Employment Law This Week October 1, 2018: SCOTUS October Term, NLRB’s Shifting Priorities, Uber Wins Ruling, NYS Sexual Harassment Laws
This Employment Law This Week Monthly Rundown features a recap of the most important news from September 2018.
1. SCOTUS October Term Begins with Eight Justices
September was a busy month in employment law, the highlight of which was the contentious confirmation hearings on Brett Kavanaugh’s nomination to the U.S. Supreme Court. With the outcome of Kavanaugh’s confirmation still uncertain, the Supreme Court’s term begins today with a flashback to 2016: eight justices and a 4-4 ideological split with no clear majority. A tie decision leaves the lower-court ruling in place. The #MeToo movement has had an undeniable impact on the process, as the once nearly certain confirmation of Judge Kavanaugh was derailed by allegations of past sexual assaults and misconduct. It’s an important reminder for employers that allegations alone can create major problems for a company without the right processes in advance. Here’s Jennifer Gefsky with more:
“I think if the #MeToo movement taught us one thing, it's that employers face significant liability and risk in the event that allegations are made against any employee or supervisor or the highest-level executive at the company. And sometimes those claims are insurmountable for a company, and they don't survive. Now, that case is rare, but it certainly has happened. But even in the case where the company does survive, [those claims] can do significant damage, not just in terms of money but in terms of reputation. And in that way it makes it very difficult for companies to hire new talent and to create that great culture that every company wants.”
2. NLRB Action Signals Shifting Priorities
The National Labor Relations Board (“NLRB” or “Board”), with its Republican majority, has continued to undo the legacy of the Obama-era Board. The NLRB is taking steps to replace the Browning-Ferris joint-employment test with a more employer-friendly one. The agency will also likely overrule its decision in Purple Communications that established the right of employees to use employer email for organizing and other union activity. On joint employment, the Board published a proposed rule that would restore the "direct and immediate control" standard that was in place for 30 years, prior to Browning-Ferris. As Steve Swirsky explains, this is the Board’s second attempt to reject Browning-Ferris:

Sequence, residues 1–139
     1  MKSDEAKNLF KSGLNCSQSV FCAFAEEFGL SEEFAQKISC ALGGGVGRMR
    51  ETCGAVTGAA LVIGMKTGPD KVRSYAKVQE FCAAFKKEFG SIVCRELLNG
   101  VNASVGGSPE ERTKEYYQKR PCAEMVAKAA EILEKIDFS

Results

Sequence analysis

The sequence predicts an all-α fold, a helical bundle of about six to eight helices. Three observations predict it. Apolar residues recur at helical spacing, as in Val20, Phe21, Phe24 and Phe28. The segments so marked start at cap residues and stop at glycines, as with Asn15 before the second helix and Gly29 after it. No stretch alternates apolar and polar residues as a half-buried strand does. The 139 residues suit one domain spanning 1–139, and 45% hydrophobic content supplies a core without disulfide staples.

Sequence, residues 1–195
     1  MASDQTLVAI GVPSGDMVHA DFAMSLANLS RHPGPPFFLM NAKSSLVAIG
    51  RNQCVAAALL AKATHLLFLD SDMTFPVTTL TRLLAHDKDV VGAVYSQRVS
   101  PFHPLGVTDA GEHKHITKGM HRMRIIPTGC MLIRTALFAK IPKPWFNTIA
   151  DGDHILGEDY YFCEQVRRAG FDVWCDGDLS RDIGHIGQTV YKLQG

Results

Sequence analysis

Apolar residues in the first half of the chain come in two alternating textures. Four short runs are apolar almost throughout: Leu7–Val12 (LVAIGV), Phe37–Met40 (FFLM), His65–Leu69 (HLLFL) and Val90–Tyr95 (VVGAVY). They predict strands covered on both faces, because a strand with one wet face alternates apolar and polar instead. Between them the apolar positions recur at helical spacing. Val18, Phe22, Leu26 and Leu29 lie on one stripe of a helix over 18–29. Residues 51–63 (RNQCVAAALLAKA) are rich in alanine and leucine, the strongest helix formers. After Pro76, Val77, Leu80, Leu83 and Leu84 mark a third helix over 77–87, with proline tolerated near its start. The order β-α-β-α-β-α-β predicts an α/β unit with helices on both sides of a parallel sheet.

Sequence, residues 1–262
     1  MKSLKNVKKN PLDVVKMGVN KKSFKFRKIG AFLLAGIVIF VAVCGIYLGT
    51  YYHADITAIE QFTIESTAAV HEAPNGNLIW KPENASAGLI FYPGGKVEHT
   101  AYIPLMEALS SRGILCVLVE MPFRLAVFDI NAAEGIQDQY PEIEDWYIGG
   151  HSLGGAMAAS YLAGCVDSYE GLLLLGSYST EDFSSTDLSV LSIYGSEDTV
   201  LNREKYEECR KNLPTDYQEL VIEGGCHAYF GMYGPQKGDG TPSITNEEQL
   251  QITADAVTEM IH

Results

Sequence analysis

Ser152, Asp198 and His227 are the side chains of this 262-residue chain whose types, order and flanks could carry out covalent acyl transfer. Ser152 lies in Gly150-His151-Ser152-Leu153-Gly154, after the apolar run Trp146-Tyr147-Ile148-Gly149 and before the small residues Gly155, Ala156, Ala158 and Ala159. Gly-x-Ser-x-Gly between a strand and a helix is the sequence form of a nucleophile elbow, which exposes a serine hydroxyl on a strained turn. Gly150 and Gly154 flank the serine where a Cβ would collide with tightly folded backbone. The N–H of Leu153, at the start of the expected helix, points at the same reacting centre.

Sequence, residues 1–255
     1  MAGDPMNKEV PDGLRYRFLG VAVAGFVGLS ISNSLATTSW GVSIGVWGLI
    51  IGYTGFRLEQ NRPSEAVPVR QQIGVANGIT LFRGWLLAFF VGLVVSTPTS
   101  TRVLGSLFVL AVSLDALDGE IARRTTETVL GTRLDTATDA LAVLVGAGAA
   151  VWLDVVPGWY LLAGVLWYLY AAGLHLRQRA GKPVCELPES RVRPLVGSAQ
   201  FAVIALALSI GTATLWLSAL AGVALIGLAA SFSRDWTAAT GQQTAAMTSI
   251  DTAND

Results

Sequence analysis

“The Board, in December 2017, in a case called Hy-Brand Industrial, sought to overrule Browning-Ferris and to adopt a standard very similar to the one in the proposed rule. In February 2018, the Board essentially reversed itself and set aside the decision in Hy-Brand and reinstated Browning-Ferris because it found that there was a conflict of interest or a significant potential conflict of interest on the part of one of the Board members who had participated in Hy-Brand. That Board member is still a member of the Board, and he is one of the Board members who voted to publish the proposed rule. I think it's reasonable to foresee that the labor movement and other advocacy groups may attempt to challenge his participation in the rulemaking, as well, on the basis of a conflict of interest."
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In addition, last month, the NLRB General Counsel urged the Board to reverse Purple Communications, which could spur action soon. Legislation has been introduced in Congress to both expedite and undercut the NLRB positions so that the November midterms could have an impact on the outcomes. On top of that, over the objection of many in the business community, President Trump nominated Mark Pearce, a Democrat first nominated by President Obama, for another five-year term in one of the two seats reserved for the party not in the White House. All this illustrates just how difficult it is to turn the ship in a different direction when it comes to the NLRB, where the policy impact of presidential elections is sometimes not felt until years later.
3. Uber Drivers Head to Arbitration
Here is big news from the gig economy. The Ninth Circuit has decertified a gigantic class of Uber drivers. Several named plaintiffs sought to form a class of hundreds of thousands drivers to challenge the company’s classification of them as independent contractors. Reversing a lower court’s ruling, the three-judge panel found that the claims should be arbitrated individually by any driver who signed the company’s arbitration agreement, which included a class waiver. A majority of the drivers involved signed the agreement. The Ninth Circuit noted that the Supreme Court’s Epic Systems ruling found class waivers legal. The plaintiffs are considering an en banc appeal.
4. Sexual Harassment Laws Go Into Effect in New York
We’re just a few days away from New York State’s new sexual harassment laws taking effect. Starting October 9, all employers in the state will be required to institute a sexual harassment policy and begin annual anti-harassment training for all employees. We are awaiting final word from the state, but proposed guidance says that all current employees must complete compliant training by January 1, 2019. New hires must be trained within 30 days of hire. The law applies to all employers in the state, no matter the size. Next year, additional training requirements will be imposed in New York City.
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